Good question! The method of delivering the message has changed and the audience has grown but the PLC continues to be on the same mission of informing and equipping Christians. Our context for many years was the PCUSA. As people and congregations left the PCUSA for the PCA, EPC and ECO, we continued in relationship with many of them. And now, the issues we have faced in the PCUSA are issues in the culture at large. So, stay or go, you need to be equipped to engage the issues in a way that honors Jesus. The radio show is a vehicle for the message and it translates into a podcast and other online resources.

listen-liveWhat are some interviews that have stuck with you?

Two interviews, which stick out, were both with my friend Gerrit Dawson, pastor of First Presbyterian Church, Baton Rouge, La. Baton Rouge became ground zero this summer for the national tensions of racial violence after the high-profile, police involved shooting of Alton Sterling, and the horrifying retaliatory shootings of three police officers. Gerrit shared a gospel vision for what reconciliation could look like in the city. He shared the incredible vision of what only God can do to bring people together across historic divides. Then, only weeks later, Baton Rouge was hit by a 1,000 year flood. Although thousands of families were displaced from their homes and entire parishes affected, it took a while for the media to catch on to the gravity of what was happening. Gerrit shared with us how the Church was stepping in to be the Body and gave us irreplaceable insight into what was happening on the ground. We absolutely want to serve the Church and connect listeners to what is happening around the country.

Another episode that stands out is the interview with Nik and Ruth Ripken. They were missionaries in Somalia. They buried a son in Africa. Their sacrifice for the cause of Christ is real and their love of people deep. They spent several years recording interviews with Christians in places where the Church is thriving in persecution – Russia, China, the Middle East. The stories became a book and then a movie, The Insanity of God. Things they said on the show changed my perception of the global church. If I refer to my brothers and sisters as ‘the persecuted church,” I now stop and prayerfully correct myself. There’s only one Church and I dare not imagine I am not a part of their experience nor take for granted the freedom I have to worship Christ and share Him with others.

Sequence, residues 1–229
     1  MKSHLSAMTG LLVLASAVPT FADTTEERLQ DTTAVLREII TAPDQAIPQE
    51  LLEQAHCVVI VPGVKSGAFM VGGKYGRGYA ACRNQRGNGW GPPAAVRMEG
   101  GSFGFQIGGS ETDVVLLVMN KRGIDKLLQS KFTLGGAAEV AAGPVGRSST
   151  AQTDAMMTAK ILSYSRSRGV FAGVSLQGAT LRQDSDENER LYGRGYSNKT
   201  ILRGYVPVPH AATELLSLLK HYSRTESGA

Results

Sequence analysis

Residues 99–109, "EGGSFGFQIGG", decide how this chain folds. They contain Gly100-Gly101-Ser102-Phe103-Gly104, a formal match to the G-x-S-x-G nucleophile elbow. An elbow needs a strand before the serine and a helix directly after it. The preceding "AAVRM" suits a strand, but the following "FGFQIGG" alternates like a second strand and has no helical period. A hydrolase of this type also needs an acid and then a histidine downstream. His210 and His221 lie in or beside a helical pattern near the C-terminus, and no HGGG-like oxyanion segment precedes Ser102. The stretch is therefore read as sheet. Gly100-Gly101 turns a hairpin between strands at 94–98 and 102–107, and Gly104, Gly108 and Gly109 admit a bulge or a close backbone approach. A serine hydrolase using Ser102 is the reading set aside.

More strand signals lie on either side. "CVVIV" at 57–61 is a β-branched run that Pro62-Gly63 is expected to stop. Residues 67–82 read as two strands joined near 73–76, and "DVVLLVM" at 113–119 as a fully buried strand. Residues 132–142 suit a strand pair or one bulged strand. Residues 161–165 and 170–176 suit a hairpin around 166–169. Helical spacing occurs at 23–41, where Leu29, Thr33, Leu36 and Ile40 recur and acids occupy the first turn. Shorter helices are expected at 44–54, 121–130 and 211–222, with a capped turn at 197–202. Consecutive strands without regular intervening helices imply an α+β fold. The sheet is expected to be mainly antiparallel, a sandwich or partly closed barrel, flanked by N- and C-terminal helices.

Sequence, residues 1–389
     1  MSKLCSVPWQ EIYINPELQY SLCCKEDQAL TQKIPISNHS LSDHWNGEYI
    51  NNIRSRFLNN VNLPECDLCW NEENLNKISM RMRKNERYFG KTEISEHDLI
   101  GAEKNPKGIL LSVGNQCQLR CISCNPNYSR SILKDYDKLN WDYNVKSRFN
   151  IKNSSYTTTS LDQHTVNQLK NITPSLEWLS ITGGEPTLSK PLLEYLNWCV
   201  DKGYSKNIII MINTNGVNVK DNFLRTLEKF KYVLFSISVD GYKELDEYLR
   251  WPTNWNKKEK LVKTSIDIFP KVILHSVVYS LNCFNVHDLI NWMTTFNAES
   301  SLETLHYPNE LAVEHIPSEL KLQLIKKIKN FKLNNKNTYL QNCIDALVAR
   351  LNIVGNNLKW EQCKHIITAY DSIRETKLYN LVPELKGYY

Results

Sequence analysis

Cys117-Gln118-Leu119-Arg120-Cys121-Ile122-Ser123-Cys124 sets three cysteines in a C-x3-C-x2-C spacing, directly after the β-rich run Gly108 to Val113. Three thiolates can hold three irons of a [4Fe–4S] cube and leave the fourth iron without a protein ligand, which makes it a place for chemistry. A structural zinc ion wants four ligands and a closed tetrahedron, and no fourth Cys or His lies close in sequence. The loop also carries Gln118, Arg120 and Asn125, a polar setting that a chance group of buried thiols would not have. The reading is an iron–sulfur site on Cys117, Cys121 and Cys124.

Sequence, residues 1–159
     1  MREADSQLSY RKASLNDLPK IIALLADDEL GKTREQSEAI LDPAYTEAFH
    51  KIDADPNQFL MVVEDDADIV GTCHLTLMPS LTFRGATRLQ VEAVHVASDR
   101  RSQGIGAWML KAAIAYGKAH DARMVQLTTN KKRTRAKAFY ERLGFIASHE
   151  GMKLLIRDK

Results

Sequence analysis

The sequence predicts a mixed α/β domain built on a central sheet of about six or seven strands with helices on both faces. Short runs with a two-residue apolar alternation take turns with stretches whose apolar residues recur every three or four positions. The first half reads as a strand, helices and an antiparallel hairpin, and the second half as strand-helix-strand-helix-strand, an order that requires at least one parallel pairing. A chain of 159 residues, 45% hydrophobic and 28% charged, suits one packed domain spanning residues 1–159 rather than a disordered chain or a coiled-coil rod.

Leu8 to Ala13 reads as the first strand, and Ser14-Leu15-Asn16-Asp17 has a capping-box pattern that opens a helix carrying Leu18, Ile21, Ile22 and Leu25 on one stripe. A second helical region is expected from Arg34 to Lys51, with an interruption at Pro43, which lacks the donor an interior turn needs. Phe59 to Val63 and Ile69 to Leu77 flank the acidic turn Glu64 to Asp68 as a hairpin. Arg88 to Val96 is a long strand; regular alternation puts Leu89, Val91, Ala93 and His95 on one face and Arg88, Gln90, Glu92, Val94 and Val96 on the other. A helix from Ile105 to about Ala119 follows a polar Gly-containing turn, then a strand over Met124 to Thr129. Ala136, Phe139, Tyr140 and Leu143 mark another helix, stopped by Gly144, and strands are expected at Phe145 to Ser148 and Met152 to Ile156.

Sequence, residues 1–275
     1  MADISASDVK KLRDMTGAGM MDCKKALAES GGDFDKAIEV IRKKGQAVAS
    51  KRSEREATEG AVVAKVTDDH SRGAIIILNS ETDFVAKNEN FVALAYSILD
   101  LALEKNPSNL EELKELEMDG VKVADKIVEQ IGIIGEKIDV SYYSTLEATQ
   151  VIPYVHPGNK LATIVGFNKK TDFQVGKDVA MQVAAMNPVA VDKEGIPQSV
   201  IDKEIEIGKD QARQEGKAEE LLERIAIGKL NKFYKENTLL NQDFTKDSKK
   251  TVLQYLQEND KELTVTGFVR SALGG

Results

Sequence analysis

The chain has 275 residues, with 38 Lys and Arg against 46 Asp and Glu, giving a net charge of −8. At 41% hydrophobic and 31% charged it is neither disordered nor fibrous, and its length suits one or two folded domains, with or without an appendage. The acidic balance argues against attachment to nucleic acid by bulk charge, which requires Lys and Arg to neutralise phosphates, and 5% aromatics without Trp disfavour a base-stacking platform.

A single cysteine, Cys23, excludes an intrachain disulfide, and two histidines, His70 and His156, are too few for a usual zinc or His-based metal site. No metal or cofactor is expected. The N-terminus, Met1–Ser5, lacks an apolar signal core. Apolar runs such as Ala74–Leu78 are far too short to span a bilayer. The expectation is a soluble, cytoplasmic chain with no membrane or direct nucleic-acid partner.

follow-carmen-on-facebook-for-moreWhat have you learned in the first five months of hosting The Reconnect?

There’s no shortage of topics. People ask me if I ever run out of topics for the show. I tell them, more things end up on the floor than what we can talk about in one hour a day. Not only is there so much happening in the headlines, but God cares about all of it, so we always have an entry into the conversation.

We started doing a series on Fridays called Behind the Byline, where we talk with reporters who cover religion for different media outlets. Long time religion reporter Bob Smietana came on the show and he communicated what I was feeling: every story has a “religion” angle. He told us  the “God beat” is the best beat to cover in the news world because faith connects to any story. I agree, God is as active in the mundane as He is in the miraculous. It is our call as ambassadors of Christ to make this truth known.

I have also learned 3 p.m. comes every day. Embarking on a daily radio show is just that – daily. It comes with different challenges, but also opportunities. If something happens on Monday, we don’t have to wait until Sunday to talk about it. We get the opportunity to discuss in real time the headlines everyone is also thinking and talking about around the kitchen table or coffee shop.


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Equipping Study by Carmen: The Gospel According to Ruth